Daniel Mudd becomes Fannie Mae CEO Interim CEO selected by board
|June 2, 2005|
Fannie Mae's board of directors has named Daniel H. Mudd as president and chief executive officer of the company, a move hailed by industry figures as a source of direction and certainty for the embattled mortgage giant.
Mudd has been serving as Fannie Mae's interim CEO since the board named him to the position on Dec. 21, 2004. Stephen B. Ashley will continue in his role as chairman of the mortgage giant's board, the company said today when it announced the change, which is effective immediately.
"I am pleased to announce that the board of directors has unanimously selected Dan Mudd to lead Fannie Mae as the company's next chief executive officer," Ashley said in a statement.
"After an extensive, nationwide search, and careful and deliberate consideration, the board recognized that the CEO we wanted was the interim CEO we had," Ashley said.
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Noting that Mudd has a strong background in financial services, Ashley cited the new CEO's leadership of the government-sponsored enterprise over the difficult last six months of transition.
Fannie Mae in December 2004 replaced Franklin Raines, its chairman and CEO, who announced he was taking early retirement, and Fannie Mae's chief financial officer, Timothy Howard, resigned Dec. 21. The two left in the wake of an SEC directive to make accounting corrections that could knock out some $9 billion of Fannie Mae's past profit.
Mudd became interim CEO and a search was launched for Raines' successor.
Legislation is currently in progress to create a new regulator for Fannie Mae and its fellow government-sponsored enterprise, Freddie Mac. The legislation passed in committee last week, a move applauded by both Fannie Mae and the American Bankers Association.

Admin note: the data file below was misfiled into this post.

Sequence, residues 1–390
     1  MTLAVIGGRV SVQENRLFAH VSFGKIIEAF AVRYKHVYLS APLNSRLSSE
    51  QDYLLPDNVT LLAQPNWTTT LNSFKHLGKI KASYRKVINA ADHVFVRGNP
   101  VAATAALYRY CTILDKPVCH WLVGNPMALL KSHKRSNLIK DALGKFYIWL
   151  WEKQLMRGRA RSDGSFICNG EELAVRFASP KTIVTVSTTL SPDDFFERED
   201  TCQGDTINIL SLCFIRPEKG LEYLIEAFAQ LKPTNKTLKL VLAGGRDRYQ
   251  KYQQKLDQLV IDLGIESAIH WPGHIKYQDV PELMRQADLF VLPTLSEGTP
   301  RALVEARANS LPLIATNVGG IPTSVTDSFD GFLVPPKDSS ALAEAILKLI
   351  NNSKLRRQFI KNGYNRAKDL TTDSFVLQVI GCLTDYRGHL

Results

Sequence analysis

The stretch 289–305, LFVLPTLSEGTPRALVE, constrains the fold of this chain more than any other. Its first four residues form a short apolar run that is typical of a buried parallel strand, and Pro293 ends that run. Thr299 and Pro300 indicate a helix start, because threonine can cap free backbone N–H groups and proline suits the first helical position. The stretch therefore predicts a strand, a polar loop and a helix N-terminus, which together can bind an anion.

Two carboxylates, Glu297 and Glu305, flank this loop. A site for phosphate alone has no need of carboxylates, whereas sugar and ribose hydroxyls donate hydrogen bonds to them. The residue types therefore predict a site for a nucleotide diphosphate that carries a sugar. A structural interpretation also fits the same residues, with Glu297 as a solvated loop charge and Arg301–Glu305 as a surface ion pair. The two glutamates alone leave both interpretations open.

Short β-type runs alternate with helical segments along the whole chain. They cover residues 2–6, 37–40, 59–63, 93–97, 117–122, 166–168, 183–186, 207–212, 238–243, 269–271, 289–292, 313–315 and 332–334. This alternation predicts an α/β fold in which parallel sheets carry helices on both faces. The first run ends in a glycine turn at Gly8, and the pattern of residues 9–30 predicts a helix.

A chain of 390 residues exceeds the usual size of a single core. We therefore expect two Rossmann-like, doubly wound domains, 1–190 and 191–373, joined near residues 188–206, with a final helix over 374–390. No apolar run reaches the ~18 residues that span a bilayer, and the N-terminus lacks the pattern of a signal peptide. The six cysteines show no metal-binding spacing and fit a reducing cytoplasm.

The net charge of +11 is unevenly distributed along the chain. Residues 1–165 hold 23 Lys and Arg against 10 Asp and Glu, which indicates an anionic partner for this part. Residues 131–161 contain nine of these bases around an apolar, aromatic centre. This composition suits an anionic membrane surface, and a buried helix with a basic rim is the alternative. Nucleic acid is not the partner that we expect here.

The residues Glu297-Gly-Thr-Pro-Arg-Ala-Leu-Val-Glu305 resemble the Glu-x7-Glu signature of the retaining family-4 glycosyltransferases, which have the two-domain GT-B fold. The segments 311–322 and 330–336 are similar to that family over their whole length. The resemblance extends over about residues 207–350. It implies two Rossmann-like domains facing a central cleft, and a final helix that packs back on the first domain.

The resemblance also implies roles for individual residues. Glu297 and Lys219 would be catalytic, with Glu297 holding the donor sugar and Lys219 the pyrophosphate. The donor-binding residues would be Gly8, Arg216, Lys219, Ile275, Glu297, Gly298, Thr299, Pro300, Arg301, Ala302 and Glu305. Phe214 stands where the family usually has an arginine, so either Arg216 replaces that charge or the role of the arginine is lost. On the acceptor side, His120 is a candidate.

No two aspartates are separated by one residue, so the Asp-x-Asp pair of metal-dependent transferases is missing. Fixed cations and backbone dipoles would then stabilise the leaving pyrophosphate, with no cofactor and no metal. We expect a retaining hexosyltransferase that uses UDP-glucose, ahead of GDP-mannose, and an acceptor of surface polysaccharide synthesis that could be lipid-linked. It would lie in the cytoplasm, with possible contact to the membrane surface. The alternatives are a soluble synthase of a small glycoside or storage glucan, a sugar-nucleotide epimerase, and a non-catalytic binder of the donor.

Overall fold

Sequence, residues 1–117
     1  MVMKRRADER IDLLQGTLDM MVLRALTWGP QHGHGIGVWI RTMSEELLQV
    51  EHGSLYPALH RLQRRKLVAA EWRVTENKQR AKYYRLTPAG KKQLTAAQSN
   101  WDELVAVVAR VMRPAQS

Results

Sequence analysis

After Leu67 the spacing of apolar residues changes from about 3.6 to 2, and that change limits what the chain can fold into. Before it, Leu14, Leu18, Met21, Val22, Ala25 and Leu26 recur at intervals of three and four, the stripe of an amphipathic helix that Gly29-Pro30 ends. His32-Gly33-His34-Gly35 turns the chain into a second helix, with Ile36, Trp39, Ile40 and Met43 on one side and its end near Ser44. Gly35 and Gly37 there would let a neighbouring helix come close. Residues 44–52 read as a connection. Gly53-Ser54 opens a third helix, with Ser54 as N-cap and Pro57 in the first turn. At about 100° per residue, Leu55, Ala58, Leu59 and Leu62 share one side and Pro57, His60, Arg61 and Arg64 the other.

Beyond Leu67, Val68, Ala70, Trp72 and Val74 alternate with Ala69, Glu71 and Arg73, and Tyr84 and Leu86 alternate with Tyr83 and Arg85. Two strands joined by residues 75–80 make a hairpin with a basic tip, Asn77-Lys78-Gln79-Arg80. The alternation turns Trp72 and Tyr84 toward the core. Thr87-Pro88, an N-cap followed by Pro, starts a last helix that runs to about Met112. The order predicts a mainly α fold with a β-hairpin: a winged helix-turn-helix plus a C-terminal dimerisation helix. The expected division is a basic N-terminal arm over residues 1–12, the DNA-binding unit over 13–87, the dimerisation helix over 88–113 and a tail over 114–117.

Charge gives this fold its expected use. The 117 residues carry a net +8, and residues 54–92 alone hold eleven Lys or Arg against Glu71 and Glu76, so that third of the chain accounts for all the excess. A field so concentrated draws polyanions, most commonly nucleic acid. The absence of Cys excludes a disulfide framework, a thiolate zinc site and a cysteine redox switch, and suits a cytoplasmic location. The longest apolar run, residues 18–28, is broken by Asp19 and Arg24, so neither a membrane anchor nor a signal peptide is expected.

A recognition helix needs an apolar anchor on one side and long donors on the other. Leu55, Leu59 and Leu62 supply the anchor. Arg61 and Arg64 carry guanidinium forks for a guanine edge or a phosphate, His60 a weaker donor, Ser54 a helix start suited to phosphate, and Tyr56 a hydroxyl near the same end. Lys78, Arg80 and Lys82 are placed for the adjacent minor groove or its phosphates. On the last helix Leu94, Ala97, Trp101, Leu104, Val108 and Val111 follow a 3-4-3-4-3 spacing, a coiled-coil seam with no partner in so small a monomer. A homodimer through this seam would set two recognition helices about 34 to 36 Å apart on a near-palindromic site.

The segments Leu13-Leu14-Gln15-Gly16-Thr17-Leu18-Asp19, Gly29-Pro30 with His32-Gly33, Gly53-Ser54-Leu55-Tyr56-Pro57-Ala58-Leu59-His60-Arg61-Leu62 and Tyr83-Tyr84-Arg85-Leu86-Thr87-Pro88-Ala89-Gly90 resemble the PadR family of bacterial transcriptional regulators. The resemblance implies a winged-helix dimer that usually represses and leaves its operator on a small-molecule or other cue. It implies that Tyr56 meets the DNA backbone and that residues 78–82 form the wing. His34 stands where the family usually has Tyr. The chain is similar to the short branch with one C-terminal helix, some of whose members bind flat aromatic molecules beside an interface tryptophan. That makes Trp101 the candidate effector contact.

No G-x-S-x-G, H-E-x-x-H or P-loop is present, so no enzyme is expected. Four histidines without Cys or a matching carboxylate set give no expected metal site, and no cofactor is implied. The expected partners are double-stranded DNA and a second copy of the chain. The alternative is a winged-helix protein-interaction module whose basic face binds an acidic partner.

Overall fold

The head of Office Federal Housing Enterprise Oversight, which oversees Fannie Mae, congratulated the board.
"Mr. Mudd has played a key role in the transformation of Fannie Mae and I look forward to continuing the development of a strong, constructive relationship between Fannie Mae and OFHEO," said Stephen Blumenthal, acting director of OFHEO.
Industry buzz had suggested that Fannie Mae would look outside the agency for Raines' successor. For that reason, the announcement came as a surprise to Don Faught, past president of the Bay East Association of Realtors in Pleasanton, Calif.
"I didn't know they were going to look outside, so I'm surprised," Faught said.
Faught was pleased with the news.
"Now we're going to have a more clear direction of which way we are going to move," Faught said. "He has already been interim chair, so we already have a sense of who he is and his philosophy."
Also, the move lends much-needed certainty to the conditions surrounding Fannie Mae, Faught said.
"We've been waiting for someone to be named, and it has taken longer than we thought it's going to," Faught said. "There were so many directions they were thinking of going. There was a proposal on the table that Fannie Mae might be put under the direction of the Treasury Department. This is good news because now something affecting Fannie Mae is settled."
A senior vice president of the Mortgage Bankers Association was also pleased.
"We think it's an excellent selection. We know Mr. Mudd, we've worked with him in the past, he knows the company. He is aware of the difficult challenges they still face. He's a straight shooter and we think he'll make a strong CEO," said Kurt Pfotenhauer, senior vice president, government affairs, for the Mortgage Brokers Association.
Anne Biddell, a Hayward, Calif., Realtor with 22 years of experience, said the selection would make little difference to her day-to-day business.
"I don't know that that is going to affect us very much. Things are going to continue the way they have been," Biddell said. "The market is hot and looks like it will continue that way."
Fannie Mae's stock was at $58.94 a share at 4:02 p.m. Eastern time today, down 28 cents a share, or .47 percent.
Copyright 2005 Inman News